Legal advice for parents from an Advocate regarding care and contact disputes during the December / January School Holidays
The end of the year marks the start of the holiday season. Schools are closing, and most parents will be using their annual leave. It is the ideal time to spend time with family and friends and just rest and have fun. If you have children, you also want to spend quality time with them. This is especially so if not much time was spent together during the year.
Ideally, both mom and dad would live in the same home as the children. However, that is not always the case. There are many reasons for that. It can relate to divorce, separation, or incompatibility. The list goes on. Regardless, each parent wants to spend quality time with their child during this festive season. And why should they not? Let us first deal with what divorced parents can do, then parents who were never married.
Parental Rights and responsibilities of divorced parents
In most cases, divorced parents would share parental rights and responsibilities of their minor children after they divorced. In other words, they would remain co-holders of parental responsibilities and rights over their minor children. Before the Court divorced the parents, it had to be satisfied that the arrangements regarding care and contact, maintenance and so on were satisfactory. In other words, it must be convinced that the arrangements are in the minor child’s best interest. The divorce parents are then left to care for the minor children as provided for in the divorce order. In most cases, there would be a consent paper with a parenting plan.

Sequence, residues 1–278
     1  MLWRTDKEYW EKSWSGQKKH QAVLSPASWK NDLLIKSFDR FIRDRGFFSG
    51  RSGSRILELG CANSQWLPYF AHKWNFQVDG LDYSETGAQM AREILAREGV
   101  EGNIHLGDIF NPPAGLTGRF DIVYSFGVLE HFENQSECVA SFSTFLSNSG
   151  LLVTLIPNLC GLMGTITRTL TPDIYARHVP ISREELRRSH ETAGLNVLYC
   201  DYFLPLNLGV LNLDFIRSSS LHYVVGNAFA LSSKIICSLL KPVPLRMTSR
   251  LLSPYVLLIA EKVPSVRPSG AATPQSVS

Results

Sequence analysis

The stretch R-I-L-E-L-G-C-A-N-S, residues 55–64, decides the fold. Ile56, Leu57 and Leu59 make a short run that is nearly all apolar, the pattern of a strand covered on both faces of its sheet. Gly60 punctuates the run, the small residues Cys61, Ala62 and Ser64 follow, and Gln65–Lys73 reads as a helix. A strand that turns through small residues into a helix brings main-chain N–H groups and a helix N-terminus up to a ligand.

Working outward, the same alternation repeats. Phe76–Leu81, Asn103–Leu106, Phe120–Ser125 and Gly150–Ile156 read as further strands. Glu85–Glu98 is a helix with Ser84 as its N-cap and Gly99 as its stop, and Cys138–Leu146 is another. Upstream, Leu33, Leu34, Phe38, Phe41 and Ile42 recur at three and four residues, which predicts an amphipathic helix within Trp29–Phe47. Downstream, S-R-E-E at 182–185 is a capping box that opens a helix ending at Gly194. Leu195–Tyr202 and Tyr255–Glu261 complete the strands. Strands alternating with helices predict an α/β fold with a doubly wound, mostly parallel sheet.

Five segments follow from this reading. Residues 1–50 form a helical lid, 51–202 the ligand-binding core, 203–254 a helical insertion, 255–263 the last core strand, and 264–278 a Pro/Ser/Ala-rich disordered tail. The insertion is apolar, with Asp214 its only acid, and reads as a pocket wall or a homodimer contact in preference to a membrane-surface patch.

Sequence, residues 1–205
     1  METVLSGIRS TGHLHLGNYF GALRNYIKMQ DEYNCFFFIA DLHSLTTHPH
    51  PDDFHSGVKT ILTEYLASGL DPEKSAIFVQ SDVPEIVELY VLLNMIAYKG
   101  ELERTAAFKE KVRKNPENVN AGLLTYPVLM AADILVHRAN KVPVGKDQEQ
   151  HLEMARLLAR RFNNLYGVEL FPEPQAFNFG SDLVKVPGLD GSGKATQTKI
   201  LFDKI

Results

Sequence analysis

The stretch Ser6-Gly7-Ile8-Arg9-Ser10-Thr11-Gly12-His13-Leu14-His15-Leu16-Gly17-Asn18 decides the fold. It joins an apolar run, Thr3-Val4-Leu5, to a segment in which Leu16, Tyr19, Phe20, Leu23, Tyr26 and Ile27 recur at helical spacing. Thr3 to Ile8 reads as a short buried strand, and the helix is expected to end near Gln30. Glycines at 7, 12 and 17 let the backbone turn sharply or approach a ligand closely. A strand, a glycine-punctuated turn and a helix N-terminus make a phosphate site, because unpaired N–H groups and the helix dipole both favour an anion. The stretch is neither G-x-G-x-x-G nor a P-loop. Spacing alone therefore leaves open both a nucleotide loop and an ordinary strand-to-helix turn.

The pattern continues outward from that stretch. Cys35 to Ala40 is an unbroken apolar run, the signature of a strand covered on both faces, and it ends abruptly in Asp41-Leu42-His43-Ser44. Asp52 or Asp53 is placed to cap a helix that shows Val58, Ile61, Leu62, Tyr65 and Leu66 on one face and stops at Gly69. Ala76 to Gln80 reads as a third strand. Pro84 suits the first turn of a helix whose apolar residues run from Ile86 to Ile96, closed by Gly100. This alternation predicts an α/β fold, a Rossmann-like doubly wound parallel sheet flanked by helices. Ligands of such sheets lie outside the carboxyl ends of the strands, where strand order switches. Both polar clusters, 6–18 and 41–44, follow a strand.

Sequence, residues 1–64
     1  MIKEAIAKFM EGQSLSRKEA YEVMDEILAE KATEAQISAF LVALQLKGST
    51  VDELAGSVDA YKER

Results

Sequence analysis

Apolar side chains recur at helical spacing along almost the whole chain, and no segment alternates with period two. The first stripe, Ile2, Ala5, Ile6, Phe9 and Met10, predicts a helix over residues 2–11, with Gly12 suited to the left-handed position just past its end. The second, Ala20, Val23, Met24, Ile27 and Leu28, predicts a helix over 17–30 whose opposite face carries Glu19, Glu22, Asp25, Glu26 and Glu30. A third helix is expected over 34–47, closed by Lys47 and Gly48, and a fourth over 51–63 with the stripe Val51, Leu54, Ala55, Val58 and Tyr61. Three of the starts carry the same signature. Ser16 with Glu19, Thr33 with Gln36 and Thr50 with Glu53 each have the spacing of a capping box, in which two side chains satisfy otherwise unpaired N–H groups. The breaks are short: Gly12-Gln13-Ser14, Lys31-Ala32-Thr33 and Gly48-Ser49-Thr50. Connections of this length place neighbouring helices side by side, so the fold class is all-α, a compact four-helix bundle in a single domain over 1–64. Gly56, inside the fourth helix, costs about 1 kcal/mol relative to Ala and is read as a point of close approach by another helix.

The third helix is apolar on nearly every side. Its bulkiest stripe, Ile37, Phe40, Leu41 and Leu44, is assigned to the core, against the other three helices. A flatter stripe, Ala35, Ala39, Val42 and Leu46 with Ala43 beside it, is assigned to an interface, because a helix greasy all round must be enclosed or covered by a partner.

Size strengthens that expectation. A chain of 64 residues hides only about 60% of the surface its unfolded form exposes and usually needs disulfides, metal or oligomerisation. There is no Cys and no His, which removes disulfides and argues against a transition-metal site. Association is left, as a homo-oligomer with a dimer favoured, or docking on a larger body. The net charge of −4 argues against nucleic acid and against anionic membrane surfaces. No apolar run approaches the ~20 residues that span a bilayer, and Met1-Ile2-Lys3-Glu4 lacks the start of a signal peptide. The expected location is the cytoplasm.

What happens if divorced parents have disputes regarding care and contact during the school holidays?
Divorced parents must stick to the care and contact arrangements outlined in the divorce order. If they do not, they will be contemptuous of the court order. The aggrieved party may lay a complaint at the police or launch a civil case for contempt of Court. This is best to be avoided. Nothing is limiting divorced parents from agreeing to alternative arrangements. However, it must be agreed upon. If issues arise, the parties need to revert to the terms of the Court Order.
Sometimes a divorce order incorporates a clause dealing with the appointment of a parenting co-ordinator, or facilitator. Usually, this person would assist the parents in resolving minor disputes when it comes to care and contact. This would be done without deviating from the principles laid down in the divorce order dealing with care and contact. They would be especially useful should there be a dispute regarding how to split the December holidays between the parents.
Can divorced parents change the terms of the Divorce Court Order?
If one of the divorced parents has an issue with the terms of the divorce court order, and they believe a change to the terms of the Order would be in the minor children’s best interests, then they may approach the Court to vary the Court Order. The Court would only vary it after it heard from both parents and is convinced that it is in the minor children’s best interests. Usually, a reason for a change would be that the minor child is much older, and circumstances have changed. An example of a change in circumstances is that the minor child changed schools, and a change in residency would be best for them.
If the divorce Order incorporated a clause dealing with the appointment of a parenting co-ordinator or facilitator, then the parent would first need to use them. That would, however, not be required if the change in the divorce order relates to something that the parenting co-ordinator or facilitator would not be able to assist the parents with.